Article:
How does SEO handle an algorithm that ranks content from multiple languages for questions composed of images and text?
Google’s John Mueller responded to a Reddit discussion about whether MUM will make SEO obsolete. Given that the purpose of MUM is to provide answers from multiple languages, answers not currently answered by 10 blue links, it’s not an unreasonable question to ask.
MUM is an acronym for Multitask Unified Model. It’s a way of answering complex questions that cannot be answered with just a few sentences in a featured snippet or with current technology.
Google refers to MUM as a significant event in the evolution of search technologies, calling it a milestone that is 1,000 times more powerful than the BERT algorithm.
Is MUM SE-Un-Optimisable?
One astounding way MUM solves answers is to use the total sum of knowledge about a topic, even if that knowledge is in a different language.
Google said that it can source answers from across different languages. And that makes sense because answers in other languages may be more authoritative that the limited content produced in your local language.
In the recipe niche, an article about how to make a paella that was written in Spanish by a Spanish chef might be considered more authoritative than an article written by a stay at home mom in California who has little to no lived experience with Spanish cooking.
Who would you trust for an authentic Spanish recipe? The stay at Home Mom in California or the fourth generation Spanish chef?
Google uses the example of using native Japanese content for search queries related to hiking Mount Fuji, which can also drill down to subtopics that only a native might know about.
Keyword Based SEO?
Another feature is that MUM can find answers to questions that are a mix of images and text and provide answers to that mix.
How would an SEO optimise an answer to a question that is partially in the form of an image? An image is not a word. It’s a representation of a thing, an entity.
Here’s what Google says:
“Eventually, you might be able to take a photo of your hiking boots and ask, “can I use these to hike Mt. Fuji?”
MUM would understand the image and connect it with your question to let you know your boots would work just fine. It could then point you to a blog with a list of recommended gear.”
In the MUM search paradigm, optimising for keywords seems to break down because MUM is answering a complex question comprised of multiple subtopics.
Here’s how Google’s announcement explains it:
“Since MUM can surface insights based on its deep knowledge of the world, it could highlight that while both mountains are roughly the same elevation, fall is the rainy season on Mt. Fuji so you might need a waterproof jacket.
MUM could also surface helpful subtopics for deeper exploration — like the top-rated gear or best training exercises — with pointers to helpful articles, videos and images from across the web.”
It does not seem unreasonable to conclude that the above described MUM search result is drawn from multiple websites from different languages.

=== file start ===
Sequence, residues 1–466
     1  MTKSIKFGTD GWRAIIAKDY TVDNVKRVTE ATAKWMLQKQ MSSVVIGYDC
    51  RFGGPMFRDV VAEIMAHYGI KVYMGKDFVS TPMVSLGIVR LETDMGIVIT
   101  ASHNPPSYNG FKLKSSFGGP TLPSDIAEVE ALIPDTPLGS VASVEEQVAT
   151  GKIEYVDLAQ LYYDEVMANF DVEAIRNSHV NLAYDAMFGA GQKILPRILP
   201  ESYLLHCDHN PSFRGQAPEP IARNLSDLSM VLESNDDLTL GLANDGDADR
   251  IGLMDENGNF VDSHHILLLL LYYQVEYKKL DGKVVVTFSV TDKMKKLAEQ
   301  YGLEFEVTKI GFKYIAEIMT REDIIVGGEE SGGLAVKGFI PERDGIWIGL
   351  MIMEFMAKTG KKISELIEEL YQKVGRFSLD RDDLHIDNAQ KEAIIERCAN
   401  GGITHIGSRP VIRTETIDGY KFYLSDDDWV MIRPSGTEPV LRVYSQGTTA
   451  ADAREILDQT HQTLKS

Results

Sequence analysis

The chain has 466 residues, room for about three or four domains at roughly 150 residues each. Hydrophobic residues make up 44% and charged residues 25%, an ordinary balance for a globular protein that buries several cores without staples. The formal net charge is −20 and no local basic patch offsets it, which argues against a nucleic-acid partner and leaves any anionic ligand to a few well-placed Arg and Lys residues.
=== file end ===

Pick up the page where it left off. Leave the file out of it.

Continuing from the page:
And if that’s the case, how would you even visualise which website is top ranked for a MUM search query when the query draws from multiple “helpful subtopics?”
- If your primary language is English and part of your answer is from a Japanese website, is the Japanese site considered top ranked?
- Will the blog post with the article about “top-rated gear” be the winner?
- Or is the winner of that search query the publisher of the “best training exercises” article?
- Can all five sites, one of which is in a foreign language, be considered top ranked?
- Will MUM redefine what it means to be top ranked for certain search queries?
Sourcing answers from multiple websites seems like selecting five winners and breaking off five pieces of the trophy for them to take home with them.
If we accept the scenario of five sites have the opportunity to be top ranked, how would you, as an SEO, attempt to optimise for that?
Not an Unreasonable Question
We don’t know what MUM will look like once it rolls out in months or years as Google’s announcement said. We’re limited to drawing conclusions from the limited information that Google has shared.
And what they announced does not seem to fit the contours of search results as we know it.
Does that mean SEO has to adapt?
John Mueller Comments on Impact of MUM on SEO
Google’s John Mueller responded to the Reddit thread by affirming that SEO will always be needed.
Mueller’s answer referenced a joke about keyword stuffing:
“How many SEO experts does it take to change a light bulb, lightbulb, light, bulb, lamp, lighting, switch, sex, xxx, hardcore”
This is Mueller’s response:
“I don’t really see how this would reduce the need for SEO.
Things always evolve.
Remember the SEO joke about changing the lightbulb? None of that’s been necessary for a while now, which is due to developments like these, and yet, people still have enough to do as SEO.”
The Work of SEO Evolves
Mueller’s right. The nature of the work associated with SEO is under constant evolution. Some in the SEO community have a hard time changing and continue clinging to the idea of ranking for search results comprised of ten blue links.
But the truth is that the age of ten blue links has been replaced by a hybrid that is responsive to the context of the question being asked.
Google’s MUM algorithm could be said to be a way to respond to a search question with a complex context. If the answer is best served with content originally written in Japanese or Spanish, then that may be a part of the answer.
At this point in time, given that there is no actual product, it may be premature to begin shouting that the sky is falling. The prudent thing may be to reserve judgment until Google actually rolls out a product.
Citation: If you would like to find out more about the source of this article – Google’s John Mueller Answers If MUM Makes SEO Obsolete, see here.